Hurricane Katrina initiative calls on world architects to use innovative design to rebuild the city
More synonymous with the big screen than big builds, Brad Pitt is the unlikely head of the Make It Right Foundation (MIR) set up in 2006 as a response to the Hurricane Katrina disaster in New Orleans. The Foundation aims to create affordable housing on a large scale to help the victims of Hurricane Katrina. But far from quick-fix building, Pitt’s vision is to create housing which is not only affordable and strong but also innovative in design and which will limit the impact on the environment, thus providing a suitable nod to the elements which caused the damage.
In this effort some of the most well-known names in architecture are pitching in with ideas. David Adjaye, Shigeru Ban, Morphosis and Pugh + Scarpa Architects join a line-up of 14 firms, of which 5 firms are local, whose varied designs have been submitted for the project. Each design offers a very different prospect to the scheme. Morphosis’ design, despite seemingly being made of concrete and steel, resembles a modern take on an elongated Scandinavian lodge with a pitched roof, where Adjaye’s design offers roof terraces covered with a flat solar paneled floating ceiling. One of the most outlandish designs is by MVRDV Architects who suggest an enwidened v-shape supplying passers-by with intrigue as to how the structure is formed inside. Shigeru Ban offers up a comparably sedate design, integrating with the landscape by creating a recess which can be landscaped and act as a garden opening out from the boundaries of the house.
The MIR think-tank, headed by Pitt and including community leaders, discussed the hurdles associated with rebuilding in a devastated area and determined that a large-scale redevelopment project focused on green affordable housing and incorporating innovative design was possible. Previously, Pitt sponsored an architecture competition organized by Global Green with the goal of generating ideas about how to rebuild sustainably. Several of those designs are currently under construction in the Lower 9th Ward and the project inspired him to expand his efforts. The MIR group settled on the goal of constructing 150 new homes (one of the larger rebuilding projects in the city), with an emphasis on developing an affordable system that could be replicated. The designs submitted are all focused around this ideal with the integration of sustainable design systems.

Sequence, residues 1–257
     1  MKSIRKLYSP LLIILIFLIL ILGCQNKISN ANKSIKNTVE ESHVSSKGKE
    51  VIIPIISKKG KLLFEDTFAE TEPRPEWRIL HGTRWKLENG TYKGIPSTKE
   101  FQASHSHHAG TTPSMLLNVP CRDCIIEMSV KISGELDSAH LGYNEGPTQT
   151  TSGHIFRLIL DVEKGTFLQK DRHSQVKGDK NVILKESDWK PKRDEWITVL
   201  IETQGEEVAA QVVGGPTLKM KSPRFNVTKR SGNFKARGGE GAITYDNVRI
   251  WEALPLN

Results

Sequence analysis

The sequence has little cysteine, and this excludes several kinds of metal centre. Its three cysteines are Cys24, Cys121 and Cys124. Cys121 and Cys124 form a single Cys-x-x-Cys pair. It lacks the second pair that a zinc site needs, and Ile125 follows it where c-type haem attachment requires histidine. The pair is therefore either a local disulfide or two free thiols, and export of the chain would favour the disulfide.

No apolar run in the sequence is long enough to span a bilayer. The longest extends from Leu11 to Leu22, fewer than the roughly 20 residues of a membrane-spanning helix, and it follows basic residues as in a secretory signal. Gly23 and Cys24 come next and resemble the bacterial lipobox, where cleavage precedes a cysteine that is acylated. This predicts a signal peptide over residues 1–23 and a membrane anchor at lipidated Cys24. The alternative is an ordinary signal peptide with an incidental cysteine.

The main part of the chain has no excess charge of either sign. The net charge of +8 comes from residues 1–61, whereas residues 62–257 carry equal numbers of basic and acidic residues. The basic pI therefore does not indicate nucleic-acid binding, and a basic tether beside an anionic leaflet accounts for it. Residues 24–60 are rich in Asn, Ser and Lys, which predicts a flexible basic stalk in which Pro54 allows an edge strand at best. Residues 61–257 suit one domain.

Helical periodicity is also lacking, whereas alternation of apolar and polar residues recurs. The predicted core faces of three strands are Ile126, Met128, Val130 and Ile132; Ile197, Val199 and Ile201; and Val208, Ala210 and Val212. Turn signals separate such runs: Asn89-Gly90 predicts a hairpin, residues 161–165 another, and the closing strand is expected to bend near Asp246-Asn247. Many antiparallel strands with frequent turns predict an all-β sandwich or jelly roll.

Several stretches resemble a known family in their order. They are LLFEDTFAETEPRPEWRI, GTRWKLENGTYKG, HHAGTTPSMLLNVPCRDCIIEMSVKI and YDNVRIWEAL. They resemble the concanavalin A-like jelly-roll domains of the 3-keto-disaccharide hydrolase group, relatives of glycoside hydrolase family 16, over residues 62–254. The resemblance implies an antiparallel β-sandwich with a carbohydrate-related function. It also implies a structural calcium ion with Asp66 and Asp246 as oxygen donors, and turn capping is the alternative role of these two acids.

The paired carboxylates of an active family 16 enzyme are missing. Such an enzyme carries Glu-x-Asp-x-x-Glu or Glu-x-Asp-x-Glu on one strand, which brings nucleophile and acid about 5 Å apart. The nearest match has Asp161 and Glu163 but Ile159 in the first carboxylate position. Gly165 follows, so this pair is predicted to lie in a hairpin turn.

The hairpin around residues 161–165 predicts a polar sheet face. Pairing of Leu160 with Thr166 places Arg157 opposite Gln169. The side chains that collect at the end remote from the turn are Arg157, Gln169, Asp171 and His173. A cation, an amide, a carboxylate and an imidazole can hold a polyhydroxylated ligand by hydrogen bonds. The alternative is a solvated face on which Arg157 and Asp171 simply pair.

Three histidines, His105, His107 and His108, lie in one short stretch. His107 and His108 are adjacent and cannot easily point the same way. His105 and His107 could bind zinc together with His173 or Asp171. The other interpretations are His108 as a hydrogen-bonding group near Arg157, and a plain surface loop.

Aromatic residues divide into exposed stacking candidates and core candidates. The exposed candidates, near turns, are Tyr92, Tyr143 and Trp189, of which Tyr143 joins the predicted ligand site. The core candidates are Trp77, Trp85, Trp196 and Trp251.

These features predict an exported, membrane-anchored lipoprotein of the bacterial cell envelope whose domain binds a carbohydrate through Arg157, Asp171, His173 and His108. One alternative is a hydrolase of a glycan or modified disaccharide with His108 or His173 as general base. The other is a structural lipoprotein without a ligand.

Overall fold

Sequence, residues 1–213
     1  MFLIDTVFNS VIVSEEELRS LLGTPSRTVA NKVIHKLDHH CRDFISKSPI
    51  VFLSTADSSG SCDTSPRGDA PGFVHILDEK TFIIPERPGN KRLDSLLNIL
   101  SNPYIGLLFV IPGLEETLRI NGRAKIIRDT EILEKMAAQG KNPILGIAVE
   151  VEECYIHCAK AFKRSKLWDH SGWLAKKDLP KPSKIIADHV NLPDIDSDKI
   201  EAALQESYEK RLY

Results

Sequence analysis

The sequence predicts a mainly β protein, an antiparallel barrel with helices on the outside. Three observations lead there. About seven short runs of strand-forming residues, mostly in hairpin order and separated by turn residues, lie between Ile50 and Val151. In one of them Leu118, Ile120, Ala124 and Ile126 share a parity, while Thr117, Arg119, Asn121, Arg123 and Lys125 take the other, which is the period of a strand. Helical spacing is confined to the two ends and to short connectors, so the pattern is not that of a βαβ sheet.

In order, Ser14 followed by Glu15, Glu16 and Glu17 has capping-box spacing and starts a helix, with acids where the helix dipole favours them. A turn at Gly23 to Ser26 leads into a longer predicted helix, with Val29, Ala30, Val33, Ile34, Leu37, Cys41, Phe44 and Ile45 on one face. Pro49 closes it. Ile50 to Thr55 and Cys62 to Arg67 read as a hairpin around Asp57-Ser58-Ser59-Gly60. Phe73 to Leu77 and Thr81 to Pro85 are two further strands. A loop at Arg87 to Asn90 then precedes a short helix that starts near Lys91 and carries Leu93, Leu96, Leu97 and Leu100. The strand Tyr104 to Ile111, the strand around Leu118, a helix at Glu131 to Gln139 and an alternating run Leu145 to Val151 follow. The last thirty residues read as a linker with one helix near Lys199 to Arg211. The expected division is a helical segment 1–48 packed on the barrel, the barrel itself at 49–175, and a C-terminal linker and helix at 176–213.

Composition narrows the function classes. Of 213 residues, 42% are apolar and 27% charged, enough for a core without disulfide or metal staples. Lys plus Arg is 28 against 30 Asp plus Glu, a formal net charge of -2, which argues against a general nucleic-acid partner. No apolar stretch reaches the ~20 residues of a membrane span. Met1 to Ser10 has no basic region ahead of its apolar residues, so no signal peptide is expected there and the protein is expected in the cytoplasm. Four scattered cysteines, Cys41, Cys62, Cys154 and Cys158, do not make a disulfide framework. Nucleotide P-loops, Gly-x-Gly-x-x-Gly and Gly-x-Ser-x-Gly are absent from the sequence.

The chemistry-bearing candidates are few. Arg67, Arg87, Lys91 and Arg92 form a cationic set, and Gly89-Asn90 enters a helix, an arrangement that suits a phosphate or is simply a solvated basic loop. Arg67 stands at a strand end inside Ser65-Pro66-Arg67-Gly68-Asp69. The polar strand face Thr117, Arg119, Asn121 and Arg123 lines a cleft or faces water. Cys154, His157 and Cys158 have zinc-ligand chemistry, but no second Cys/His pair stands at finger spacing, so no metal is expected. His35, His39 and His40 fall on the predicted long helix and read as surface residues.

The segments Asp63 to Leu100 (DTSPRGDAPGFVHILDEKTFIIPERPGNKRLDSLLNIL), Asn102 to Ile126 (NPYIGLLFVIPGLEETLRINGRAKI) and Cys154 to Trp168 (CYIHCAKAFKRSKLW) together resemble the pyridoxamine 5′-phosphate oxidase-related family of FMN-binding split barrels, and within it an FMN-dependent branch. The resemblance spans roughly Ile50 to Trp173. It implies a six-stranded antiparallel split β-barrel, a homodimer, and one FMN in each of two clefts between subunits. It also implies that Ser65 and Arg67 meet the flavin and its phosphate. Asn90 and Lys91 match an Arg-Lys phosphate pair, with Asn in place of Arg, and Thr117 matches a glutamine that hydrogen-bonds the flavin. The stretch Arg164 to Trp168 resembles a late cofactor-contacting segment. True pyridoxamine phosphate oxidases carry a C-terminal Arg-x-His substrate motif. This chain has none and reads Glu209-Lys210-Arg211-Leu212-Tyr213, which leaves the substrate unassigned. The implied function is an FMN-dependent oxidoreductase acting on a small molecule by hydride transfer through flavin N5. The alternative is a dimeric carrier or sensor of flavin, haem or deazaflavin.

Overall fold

The build is to commence in the Lower 9th Ward which is one of the most devastated by Hurricane Katrina. The scheme is funded in the whole by donations to the MIR website and American actress/presenter Ellen DeGeneris has also formed a team to sponsor the project. Other organisations involved in the scheme include William McDonough + Partners, a world leader in environmental architecture, Graft and the Cherokee Gives Back Foundation which specialises in remediation and the sustainable redevelopment of environmentally impaired buildings.
To learn more about the scheme or to donate please see
the MIR website.
Niki May Young